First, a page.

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I have not used the following permission in my app:

android.permission.INTERNET

However if i fire an intent with:

android.intent.action.VIEW

with a url that looked something like this:

http://www.mysite.com/collectUsersStuff?UsersSecretStuff=hisSecret

it will open a prompt to open chrome to connect to the webserver. So my point is even without the INTERNET permissions from my apps manifest i can get the authority to send from another app who handles network calls. Is there anyway to assure the user that my app will not take advantage of this flaw ?

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So what is the issue? That standard browsers can view webpages and that you can open browsers from your app? I'm afraid that isn't a bug. –  ianhanniballake Mar 3 at 22:32
    
I think the internet connection would not be used by your app, but the activity launched by your app. Therefore the internet permission is not required. What do you mean by flaw ? Please clarify. –  Evcan Mustafa Mar 3 at 22:32
    
The technical explanation is: the browser that loads the URL has the permission android.permission.INTERNET. So there is actually no violation of permissions per se. Indirectly that may be perceived as a security flaw, I get your point. As far as I know there is nothing to prevent that scenario from happening. But whatever "hisSecret" is, it will most likely require some sensitive permissions which should raise concerns on installation. Furthermore, the browser would visibly open, the URL would be visible too. Such an odd behavior would get an app flagged pretty quickly, I guess. –  Nobu Games Mar 3 at 22:37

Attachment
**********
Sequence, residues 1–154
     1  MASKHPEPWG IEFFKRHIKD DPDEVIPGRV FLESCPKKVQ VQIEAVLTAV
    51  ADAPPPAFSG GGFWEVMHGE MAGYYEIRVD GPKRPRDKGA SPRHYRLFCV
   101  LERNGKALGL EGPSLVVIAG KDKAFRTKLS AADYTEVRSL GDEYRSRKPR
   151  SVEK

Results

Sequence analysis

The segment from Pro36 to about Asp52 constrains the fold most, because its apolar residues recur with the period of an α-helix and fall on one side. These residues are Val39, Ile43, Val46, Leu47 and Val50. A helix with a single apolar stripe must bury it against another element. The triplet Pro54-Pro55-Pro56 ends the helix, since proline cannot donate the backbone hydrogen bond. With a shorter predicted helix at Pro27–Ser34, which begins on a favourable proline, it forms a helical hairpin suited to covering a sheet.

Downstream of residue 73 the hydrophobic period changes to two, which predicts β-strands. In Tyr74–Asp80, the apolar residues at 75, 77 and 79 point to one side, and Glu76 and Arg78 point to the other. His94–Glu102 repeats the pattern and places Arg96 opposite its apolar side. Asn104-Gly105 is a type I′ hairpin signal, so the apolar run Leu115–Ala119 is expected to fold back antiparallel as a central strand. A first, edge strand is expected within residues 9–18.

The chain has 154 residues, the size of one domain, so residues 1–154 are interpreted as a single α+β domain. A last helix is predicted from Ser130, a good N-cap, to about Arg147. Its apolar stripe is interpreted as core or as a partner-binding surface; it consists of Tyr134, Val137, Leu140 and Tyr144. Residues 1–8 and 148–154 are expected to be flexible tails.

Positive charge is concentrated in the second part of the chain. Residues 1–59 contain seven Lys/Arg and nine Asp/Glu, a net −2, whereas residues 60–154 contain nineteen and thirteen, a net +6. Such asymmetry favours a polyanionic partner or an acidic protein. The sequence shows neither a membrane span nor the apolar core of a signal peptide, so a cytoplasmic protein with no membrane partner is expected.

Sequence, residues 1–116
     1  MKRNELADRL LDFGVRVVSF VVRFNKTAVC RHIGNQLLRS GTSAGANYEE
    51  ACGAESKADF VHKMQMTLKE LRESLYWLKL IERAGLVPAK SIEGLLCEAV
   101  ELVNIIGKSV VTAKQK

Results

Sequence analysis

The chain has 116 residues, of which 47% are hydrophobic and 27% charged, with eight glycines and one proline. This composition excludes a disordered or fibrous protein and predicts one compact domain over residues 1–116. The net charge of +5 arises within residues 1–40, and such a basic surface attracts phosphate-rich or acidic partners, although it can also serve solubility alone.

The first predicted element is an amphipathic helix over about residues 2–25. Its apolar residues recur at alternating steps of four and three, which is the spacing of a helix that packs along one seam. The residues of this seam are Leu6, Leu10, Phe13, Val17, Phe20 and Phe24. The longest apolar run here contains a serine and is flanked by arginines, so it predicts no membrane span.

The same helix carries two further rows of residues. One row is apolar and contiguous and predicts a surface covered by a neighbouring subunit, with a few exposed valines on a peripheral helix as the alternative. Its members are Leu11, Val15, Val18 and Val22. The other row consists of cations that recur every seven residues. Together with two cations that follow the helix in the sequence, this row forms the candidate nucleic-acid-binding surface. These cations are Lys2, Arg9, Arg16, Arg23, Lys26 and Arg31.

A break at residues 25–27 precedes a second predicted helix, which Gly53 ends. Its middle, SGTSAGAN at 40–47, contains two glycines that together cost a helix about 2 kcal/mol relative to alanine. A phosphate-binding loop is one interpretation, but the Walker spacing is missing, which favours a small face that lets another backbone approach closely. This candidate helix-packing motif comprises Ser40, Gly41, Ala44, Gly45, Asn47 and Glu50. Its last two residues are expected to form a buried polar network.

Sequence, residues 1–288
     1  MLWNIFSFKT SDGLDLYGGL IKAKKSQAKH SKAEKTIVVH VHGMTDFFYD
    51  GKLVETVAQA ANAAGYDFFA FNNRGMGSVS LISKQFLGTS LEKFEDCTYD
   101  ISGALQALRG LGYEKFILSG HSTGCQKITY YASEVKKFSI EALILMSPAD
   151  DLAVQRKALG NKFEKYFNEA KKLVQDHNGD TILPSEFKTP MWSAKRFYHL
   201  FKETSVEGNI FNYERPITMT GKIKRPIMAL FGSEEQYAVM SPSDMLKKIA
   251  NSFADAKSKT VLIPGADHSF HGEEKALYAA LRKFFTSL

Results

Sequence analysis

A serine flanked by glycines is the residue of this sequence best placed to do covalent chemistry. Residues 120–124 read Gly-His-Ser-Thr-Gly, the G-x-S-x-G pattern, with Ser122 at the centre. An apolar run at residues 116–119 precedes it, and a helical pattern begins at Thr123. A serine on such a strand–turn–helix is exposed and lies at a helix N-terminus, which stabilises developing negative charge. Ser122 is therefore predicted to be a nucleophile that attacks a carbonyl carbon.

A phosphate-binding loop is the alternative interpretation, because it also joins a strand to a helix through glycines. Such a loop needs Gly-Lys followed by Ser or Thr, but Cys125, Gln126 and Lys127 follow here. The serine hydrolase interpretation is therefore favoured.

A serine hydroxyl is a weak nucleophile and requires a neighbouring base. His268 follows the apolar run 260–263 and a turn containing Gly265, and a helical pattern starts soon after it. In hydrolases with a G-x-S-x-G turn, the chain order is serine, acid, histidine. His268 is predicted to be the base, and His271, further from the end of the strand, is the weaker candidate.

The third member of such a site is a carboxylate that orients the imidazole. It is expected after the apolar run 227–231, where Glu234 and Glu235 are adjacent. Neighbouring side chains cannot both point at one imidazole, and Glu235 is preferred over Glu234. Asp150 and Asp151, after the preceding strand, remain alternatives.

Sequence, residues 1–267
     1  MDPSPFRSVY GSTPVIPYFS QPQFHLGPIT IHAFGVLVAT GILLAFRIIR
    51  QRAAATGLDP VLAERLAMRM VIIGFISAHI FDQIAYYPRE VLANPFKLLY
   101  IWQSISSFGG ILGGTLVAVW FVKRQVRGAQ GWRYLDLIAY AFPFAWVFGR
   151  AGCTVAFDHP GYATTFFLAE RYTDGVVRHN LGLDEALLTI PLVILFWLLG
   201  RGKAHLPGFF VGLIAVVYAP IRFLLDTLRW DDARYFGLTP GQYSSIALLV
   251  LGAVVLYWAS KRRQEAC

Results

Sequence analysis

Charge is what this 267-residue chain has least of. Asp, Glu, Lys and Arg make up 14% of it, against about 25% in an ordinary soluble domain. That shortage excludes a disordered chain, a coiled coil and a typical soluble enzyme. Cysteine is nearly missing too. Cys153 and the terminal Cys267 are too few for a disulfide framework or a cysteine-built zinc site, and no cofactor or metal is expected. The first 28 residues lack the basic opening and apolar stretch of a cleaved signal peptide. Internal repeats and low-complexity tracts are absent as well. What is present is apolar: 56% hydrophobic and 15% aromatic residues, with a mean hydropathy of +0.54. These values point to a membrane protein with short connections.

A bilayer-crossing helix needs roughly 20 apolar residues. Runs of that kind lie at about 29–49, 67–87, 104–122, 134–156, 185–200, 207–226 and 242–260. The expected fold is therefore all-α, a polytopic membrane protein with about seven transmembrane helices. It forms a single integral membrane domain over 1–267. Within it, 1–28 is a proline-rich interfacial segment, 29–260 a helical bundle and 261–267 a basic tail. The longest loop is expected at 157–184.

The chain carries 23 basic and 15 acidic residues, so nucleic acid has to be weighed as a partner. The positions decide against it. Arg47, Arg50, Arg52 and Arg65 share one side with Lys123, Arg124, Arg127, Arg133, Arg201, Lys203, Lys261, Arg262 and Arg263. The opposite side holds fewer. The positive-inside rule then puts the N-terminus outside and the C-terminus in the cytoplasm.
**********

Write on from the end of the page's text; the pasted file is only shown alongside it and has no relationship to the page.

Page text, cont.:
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1 Answer 1

This is not a flaw. The INTERNET permission is allowing your app to access network sites. When you call the VIEW intent, you are telling a different app to open the site. Those apps have the INTERNET permission, which is why this works fine.

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How do you guys not see the security flaw here. An app that has declared to the user it does not send out on the internet gets downloaded. But then it magically creates a web server call that a browser handles. We have now gotten away with telling the user our app does not make network calls but really we just did through the browser. But i also see where your coming from that the browser has the permission not my app. For me a call to any app that uses the INTERNET permission from within a app that does not have it should not be allowed. –  j2emanue Mar 3 at 22:38
    
@j2emanue Ah, I see what you mean now. Essentially, you're saying that if an app tells the user's selected default browser to go to go to a URL that will cause it to automatically download malware (for example), this could happen without the user ever getting a prompt. Correct? –  T3KBAU5 Mar 3 at 22:44
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@j2emanue That kind of communication would be one-sided only and is restricted through the maximum URL length that may be imposed by the chosen browser and the web server that receives the URL. It is a possible exploit and you may want to blog about it and show some proof of concept. However, the browser would visibly open and display a suspicious looking URL. It would do its thing in plain sight. I think malicious app developers do not care about people who are security conscious. The vast majority of users install apps no matter what permissions they demand. –  Nobu Games Mar 3 at 22:46
    
ok cool thanks. –  j2emanue Mar 3 at 22:51
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